Nuclear plants operate at only a few hundred degrees Celsius, so they don’t have very high thermal efficiencies. Thus only a small part of the nuclear energy is changed into electricity and most is lost with the coolant fluid, about two thirds. Could it be used for something?
Traditional coal plants have long given their waste heat for district heating (and some cooling in the summer too!). This “free” energy is distributed as hot high pressure water in large pipes. It works great, especially in dense areas. This reduces coal usage quite a bit if you compare it to heating with coal electricity, or oil usage if you compare it with heating with heating oil.
In Russia special nuclear power plants, especially for isolated cities included provisions for large amounts of district heating. Though this means that the plant needs to be quite close to the city for it to be effective. It’s not done in the west. Could it work in Finland?
The power company Fortum is probably building a third unit to the Loviisa power plant complex some 100 km east of Helsinki, and it’s proposing to Helsinki that the new unit could provide a gigawatt of cheap district heating for the city. But Helsinki at the moment owns its own power generation company, Helsingin Energia (Helen), and is sceptical of the idea. Helen’s coal plants provide the current district heating and there are rules about the maximum size of a plant in the grid – if over 40% of the district heat would be provided by one plant, when it went down for some reason., there could be a catastrophe.
A 100 km long very large hot water tube system might also be very expensive. There exists a roughly 100 km long fresh water tunnel carved in rock, providing water to Helsinki from lake Päijänne, so there is some expertise regarding such large scale subterranean building.
Another way of thinking about nuclear heating is to generate normal electricity but use it to power a heat pump at the heating location. This can increase the heating power as much as five fold – ie 5 kW of heating for 1 kW of electricity. This requires no district heating pipe infrastructure but the heat pumps are expensive. They are becoming more common in less dense living areas though and are a good way to reduce electricity use if they replace direct electric heating. They also increase peaks since the five multiplier can drop to two when it gets much colder outside – because the temperature difference that the pump works against is larger.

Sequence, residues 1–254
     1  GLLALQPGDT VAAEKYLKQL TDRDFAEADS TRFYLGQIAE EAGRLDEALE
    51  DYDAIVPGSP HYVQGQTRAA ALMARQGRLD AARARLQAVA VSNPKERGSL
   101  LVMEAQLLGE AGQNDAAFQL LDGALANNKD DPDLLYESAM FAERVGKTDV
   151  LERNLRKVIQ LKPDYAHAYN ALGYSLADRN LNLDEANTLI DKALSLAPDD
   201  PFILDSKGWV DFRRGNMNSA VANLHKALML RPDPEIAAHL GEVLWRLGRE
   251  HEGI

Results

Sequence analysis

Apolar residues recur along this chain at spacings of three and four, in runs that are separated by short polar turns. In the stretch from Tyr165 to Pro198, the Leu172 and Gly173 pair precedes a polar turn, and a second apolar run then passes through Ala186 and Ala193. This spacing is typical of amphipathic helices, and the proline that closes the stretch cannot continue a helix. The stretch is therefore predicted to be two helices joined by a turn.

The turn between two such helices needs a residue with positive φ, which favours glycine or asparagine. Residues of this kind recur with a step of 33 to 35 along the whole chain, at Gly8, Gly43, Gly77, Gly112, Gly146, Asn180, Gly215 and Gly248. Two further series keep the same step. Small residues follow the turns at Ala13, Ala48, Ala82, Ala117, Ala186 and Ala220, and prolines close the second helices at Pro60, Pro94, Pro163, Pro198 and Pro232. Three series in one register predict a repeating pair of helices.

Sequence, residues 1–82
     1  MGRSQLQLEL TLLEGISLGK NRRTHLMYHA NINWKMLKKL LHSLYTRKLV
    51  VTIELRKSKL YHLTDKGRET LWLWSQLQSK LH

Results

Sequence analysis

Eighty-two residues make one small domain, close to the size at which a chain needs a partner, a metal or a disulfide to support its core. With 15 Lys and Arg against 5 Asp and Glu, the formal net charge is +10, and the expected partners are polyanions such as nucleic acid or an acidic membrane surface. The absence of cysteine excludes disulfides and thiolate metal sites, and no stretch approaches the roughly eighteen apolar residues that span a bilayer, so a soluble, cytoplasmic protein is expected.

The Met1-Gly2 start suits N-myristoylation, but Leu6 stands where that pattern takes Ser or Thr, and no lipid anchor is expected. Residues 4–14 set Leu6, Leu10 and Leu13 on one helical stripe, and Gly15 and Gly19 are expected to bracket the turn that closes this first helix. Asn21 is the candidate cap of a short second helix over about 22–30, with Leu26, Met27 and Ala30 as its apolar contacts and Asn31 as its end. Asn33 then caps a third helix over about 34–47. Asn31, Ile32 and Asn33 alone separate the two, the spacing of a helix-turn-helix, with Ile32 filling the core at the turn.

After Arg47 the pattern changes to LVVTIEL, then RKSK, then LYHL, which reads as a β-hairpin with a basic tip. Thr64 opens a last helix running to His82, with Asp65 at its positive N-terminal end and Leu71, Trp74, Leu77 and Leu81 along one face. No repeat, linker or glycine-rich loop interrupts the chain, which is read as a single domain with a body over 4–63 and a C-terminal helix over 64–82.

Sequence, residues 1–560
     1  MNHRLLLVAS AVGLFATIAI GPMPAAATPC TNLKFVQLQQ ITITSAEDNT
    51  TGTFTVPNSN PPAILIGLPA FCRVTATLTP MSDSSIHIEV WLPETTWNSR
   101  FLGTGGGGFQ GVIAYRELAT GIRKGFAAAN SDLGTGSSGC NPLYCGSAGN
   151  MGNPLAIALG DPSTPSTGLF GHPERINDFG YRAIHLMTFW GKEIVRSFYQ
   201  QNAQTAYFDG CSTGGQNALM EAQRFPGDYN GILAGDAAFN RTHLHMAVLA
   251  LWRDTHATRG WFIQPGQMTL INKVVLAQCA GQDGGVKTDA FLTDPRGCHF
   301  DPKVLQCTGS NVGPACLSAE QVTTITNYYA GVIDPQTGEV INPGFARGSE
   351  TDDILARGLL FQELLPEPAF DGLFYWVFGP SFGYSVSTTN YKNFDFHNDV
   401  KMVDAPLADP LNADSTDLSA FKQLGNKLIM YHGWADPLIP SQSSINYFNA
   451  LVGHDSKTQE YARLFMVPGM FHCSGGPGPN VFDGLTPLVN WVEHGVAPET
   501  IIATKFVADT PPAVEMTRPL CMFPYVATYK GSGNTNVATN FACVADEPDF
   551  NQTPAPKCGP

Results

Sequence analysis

Helen is a very good business for the city and its profits lower the local tax rate quite a lot. Those fools in the neighbouring city of Espoo sold their own power company abroad, started playing in the stock market with the money and have lost quite a bit. (And that was before the recession!)
Helen is also a stakeholder in the Olkiluoto 3 nuclear plant that is being built in Eura, in Western Finland, they’ll use part of the electricity that will be generated there. The consortium leader, Teollisuuden Voima, is a competitor to Fortum.
There seems to be no love lost between Helen and Fortum.
Nuclear power plants have been proposed for city part heating, one was even in operation in Sweden. It was built securely inside rock, but it was shut down after a mishap. There were plans to put such a small nuclear plant in the Malmi northern suburb of Helsinki in the sixties or so, but that plan was cancelled. Also, in the past, the large Granö island in front of Helsinki’s east side neighbour Sipoo was charted for a nuclear power plant, but it was cancelled and in the end only Loviisa and Olkiluoto were built. Now that the western part of Sipoo has been grabbed by Helsinki, some have proposed to dust off the old plans and put a reactor on the island. 🙂 At one point when no plants had been built yet in the country, Inkoo, some 50 km west of Helsinki was also one of the possible plant locations. The pipes from there would have been easier. There already exist quite large power grid connections in Inkoo because an emergency coal plant is located there. It could be one compromise site for a small nuclear plant – far enough but not too far.Sources: personal communications with various people, an article in Tekniikka and Talous (in Finnish) and Finnish Wikipedia on Finnish nuclear history and air heat pumps.